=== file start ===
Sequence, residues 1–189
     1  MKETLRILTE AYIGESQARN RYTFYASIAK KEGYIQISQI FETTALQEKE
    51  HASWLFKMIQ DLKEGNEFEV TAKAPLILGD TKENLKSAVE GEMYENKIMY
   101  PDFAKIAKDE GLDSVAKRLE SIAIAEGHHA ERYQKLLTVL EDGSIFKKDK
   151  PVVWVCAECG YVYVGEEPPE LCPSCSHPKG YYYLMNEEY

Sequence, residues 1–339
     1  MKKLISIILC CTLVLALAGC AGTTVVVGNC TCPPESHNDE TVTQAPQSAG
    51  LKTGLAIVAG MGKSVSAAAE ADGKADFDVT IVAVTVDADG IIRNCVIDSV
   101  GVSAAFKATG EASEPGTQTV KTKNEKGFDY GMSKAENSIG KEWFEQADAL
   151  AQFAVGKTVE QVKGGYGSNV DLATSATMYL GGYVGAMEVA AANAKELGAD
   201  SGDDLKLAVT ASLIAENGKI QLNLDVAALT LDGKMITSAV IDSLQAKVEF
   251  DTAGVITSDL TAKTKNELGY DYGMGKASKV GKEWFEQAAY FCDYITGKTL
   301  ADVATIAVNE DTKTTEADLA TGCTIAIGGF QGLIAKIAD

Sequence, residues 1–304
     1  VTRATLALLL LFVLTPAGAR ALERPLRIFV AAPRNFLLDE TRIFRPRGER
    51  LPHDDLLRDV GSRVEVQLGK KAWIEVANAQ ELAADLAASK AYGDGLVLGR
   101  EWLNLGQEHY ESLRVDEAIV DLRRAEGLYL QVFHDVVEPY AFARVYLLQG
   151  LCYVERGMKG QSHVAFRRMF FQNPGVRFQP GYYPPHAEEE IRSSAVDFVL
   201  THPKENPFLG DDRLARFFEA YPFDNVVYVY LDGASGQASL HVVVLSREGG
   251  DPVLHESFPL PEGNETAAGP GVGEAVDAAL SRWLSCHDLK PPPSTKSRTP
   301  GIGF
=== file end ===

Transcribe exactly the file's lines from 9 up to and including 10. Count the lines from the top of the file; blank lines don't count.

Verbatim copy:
   101  GVSAAFKATG EASEPGTQTV KTKNEKGFDY GMSKAENSIG KEWFEQADAL
   151  AQFAVGKTVE QVKGGYGSNV DLATSATMYL GGYVGAMEVA AANAKELGAD